Doom Eternal delivers constant and breathless excitement

doom eternal
(Image credit: Bethesda)

BOSTON – I have a somewhat embarrassing confession to make: I have never played a Doom game start to finish. As a child, I toyed around with my dad’s copy on the family PC, and tried to make it through Doom 64.

As an adult, I sampled Doom (2016) at conventions and used it to test gaming headsets. But I’ve never felt compelled to sit down and invest in a Doom game – until now. After playing the first 20 minutes of Doom Eternal, I’m convinced that I’ll be missing out if I don’t play through this one.

I went hands-on with Doom Eternal at PAX East 2020, and while it’s my third time trying out the game, it’s my first session that lasted for more than 10 minutes or so. In this demo, I got to play through the beginning cutscene and a good chunk of the first level, slaying more demons than I could shake a chainsaw at. 

Doom Eternal isn’t just a fast-and-furious, adrenaline-soaked adventure; it’s also a very smart game about resource management. And if that sounds boring, then you haven’t experienced Doom Eternal’s approach to the topic.

When Doom Eternal begins, things look grim. Demons have broken free from Mars and made their way to Earth, killing off massive swaths of the population. It’s up to the Doom Slayer, who dons his helmet and grabs his shotgun, to make things right once again.

First off, it’s worth pointing out that the simple act of shooting in Doom is immensely satisfying. The shotgun feels weighty and blasts enemies into satisfying, gory chunks. You can upgrade it to launch sticky explosives, or fire in a full-auto mode. The machine gun is also adept at blowing your foes to smithereens.

But while you’ll want to soften enemies up with bullets and shells, that’s not how you’ll want to kill them. The first resource you’ll need to manage in Doom Eternal is your health, and since enemies hound you at every turn, it’ll go down quickly and frequently. But you can restore it easily by performing a glory kill on an enemy: wearing it down with projectiles, then getting into melee range and tearing it in half. Or sticking its own limb through its eye. Or crushing its head. The animations are all delightfully over-the-top, and even help give the Doom Slayer a bit of personality. He is not here to mess around.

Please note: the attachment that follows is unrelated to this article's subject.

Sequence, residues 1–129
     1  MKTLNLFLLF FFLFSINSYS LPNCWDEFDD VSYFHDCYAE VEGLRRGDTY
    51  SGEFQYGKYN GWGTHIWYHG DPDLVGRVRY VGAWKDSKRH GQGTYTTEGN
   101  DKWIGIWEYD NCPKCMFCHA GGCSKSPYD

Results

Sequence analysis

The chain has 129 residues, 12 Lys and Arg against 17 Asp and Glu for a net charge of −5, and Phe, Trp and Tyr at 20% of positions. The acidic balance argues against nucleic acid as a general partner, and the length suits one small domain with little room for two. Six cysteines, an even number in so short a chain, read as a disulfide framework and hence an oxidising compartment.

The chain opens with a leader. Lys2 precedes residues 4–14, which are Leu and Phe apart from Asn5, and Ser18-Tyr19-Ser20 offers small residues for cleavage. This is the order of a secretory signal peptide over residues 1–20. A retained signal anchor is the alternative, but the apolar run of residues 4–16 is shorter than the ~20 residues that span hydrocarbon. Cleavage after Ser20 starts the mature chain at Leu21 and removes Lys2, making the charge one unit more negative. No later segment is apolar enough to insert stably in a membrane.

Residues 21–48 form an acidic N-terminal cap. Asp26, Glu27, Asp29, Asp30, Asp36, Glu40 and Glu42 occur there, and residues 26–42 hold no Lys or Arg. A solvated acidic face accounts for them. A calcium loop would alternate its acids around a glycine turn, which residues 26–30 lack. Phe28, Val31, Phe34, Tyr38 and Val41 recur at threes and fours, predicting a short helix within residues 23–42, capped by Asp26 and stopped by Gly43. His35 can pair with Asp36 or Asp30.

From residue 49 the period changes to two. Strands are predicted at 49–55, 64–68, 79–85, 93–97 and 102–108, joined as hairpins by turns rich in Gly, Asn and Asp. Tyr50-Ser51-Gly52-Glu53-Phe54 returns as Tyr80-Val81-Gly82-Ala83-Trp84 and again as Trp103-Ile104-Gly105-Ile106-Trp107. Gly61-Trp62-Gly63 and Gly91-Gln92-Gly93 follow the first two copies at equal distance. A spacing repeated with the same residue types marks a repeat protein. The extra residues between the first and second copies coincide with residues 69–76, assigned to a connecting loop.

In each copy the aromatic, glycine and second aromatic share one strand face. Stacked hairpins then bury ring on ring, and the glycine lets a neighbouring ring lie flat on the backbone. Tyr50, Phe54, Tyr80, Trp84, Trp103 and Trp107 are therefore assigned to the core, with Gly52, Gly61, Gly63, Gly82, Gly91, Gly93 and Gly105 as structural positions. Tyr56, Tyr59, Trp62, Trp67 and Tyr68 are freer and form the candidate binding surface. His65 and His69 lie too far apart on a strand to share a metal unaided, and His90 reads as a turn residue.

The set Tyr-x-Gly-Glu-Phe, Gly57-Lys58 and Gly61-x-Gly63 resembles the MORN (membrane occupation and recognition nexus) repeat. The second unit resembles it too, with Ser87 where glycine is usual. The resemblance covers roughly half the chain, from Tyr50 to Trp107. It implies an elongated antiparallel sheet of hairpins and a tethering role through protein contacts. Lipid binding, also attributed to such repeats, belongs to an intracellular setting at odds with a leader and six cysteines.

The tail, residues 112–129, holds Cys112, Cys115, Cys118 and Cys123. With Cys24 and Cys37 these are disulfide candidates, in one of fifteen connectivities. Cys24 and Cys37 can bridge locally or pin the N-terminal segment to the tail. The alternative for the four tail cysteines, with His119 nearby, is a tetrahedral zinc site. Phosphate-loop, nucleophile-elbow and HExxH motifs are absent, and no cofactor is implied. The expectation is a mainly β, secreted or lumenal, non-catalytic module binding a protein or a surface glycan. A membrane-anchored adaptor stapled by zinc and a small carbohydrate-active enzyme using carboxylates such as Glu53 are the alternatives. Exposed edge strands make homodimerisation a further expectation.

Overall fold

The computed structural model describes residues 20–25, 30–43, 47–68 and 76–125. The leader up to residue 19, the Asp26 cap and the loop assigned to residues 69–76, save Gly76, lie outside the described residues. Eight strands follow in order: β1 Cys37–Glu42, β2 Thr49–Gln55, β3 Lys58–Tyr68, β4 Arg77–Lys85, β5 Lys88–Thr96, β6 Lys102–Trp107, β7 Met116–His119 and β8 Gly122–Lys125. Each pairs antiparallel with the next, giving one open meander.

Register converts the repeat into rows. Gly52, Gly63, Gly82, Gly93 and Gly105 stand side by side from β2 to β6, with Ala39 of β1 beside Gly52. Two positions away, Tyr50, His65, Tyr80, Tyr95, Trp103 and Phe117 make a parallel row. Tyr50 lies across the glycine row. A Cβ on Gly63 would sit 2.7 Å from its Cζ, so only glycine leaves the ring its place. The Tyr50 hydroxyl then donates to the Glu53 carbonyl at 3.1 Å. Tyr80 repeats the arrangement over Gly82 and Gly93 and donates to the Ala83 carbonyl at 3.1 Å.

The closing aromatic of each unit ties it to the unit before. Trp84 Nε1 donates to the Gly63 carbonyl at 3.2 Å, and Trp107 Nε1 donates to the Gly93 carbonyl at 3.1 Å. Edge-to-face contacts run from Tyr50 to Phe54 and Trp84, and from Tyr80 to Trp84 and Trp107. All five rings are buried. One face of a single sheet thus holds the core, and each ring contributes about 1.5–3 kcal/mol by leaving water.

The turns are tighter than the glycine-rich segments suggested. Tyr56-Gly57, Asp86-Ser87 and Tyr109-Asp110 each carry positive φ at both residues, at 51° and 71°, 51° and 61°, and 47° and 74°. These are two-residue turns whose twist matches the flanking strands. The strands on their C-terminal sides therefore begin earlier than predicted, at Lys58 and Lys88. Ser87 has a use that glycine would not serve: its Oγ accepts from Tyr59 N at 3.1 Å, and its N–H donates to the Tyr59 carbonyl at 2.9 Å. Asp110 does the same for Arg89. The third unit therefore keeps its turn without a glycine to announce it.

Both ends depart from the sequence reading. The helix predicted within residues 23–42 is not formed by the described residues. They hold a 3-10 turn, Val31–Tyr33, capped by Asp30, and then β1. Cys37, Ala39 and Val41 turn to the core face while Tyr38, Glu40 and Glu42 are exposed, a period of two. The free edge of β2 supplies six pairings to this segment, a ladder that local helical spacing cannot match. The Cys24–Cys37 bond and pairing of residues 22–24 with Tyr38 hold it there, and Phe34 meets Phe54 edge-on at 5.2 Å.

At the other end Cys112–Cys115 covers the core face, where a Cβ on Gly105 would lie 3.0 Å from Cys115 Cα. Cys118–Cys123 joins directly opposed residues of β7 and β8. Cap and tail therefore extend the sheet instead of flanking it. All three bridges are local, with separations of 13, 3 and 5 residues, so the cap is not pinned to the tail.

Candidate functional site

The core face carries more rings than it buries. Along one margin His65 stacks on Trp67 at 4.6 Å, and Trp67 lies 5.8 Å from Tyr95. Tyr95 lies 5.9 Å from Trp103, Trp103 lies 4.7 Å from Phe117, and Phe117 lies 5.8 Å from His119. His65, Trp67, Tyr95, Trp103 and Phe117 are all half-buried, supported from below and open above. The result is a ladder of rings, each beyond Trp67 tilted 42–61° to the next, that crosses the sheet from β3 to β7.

While blasting your way through the game’s soulless husks, beefy soldiers, crafty pyromancers and crablike turret monsters, you’ll run low on ammo pretty often. That’s where the chainsaw comes in. This old Doom mainstay will cleave just about enemy in half in a single stroke. (It’s incredibly fun to watch, too.) After you carve an enemy into bloody chunks, it will drop all sorts of ammo for your myriad weapons, letting you get back to the slaughter. As you down enemies, you’ll find more gas for your chainsaw scattered around the level, keeping your forward momentum up at all times.

We’ve already covered Doom Eternal at length in other pieces and at other events, but the PAX East demo was as good as any of the others. In a way, it’s a video game in its purest form – moment-to-moment gameplay that demands your full focus, forcing you to juggle a ton of variables without pausing to think. It’s a heady mix, and thanks to a variety of difficulty levels, just about anyone can enjoy it.

Doom Eternal will come out on March 20 for PC and consoles, and cost $60. Rip and tear.

Marshall Honorof

Marshall Honorof is a senior editor for Tom's Guide, overseeing the site's coverage of gaming hardware and software. He comes from a science writing background, having studied paleomammalogy, biological anthropology, and the history of science and technology. After hours, you can find him practicing taekwondo or doing deep dives on classic sci-fi.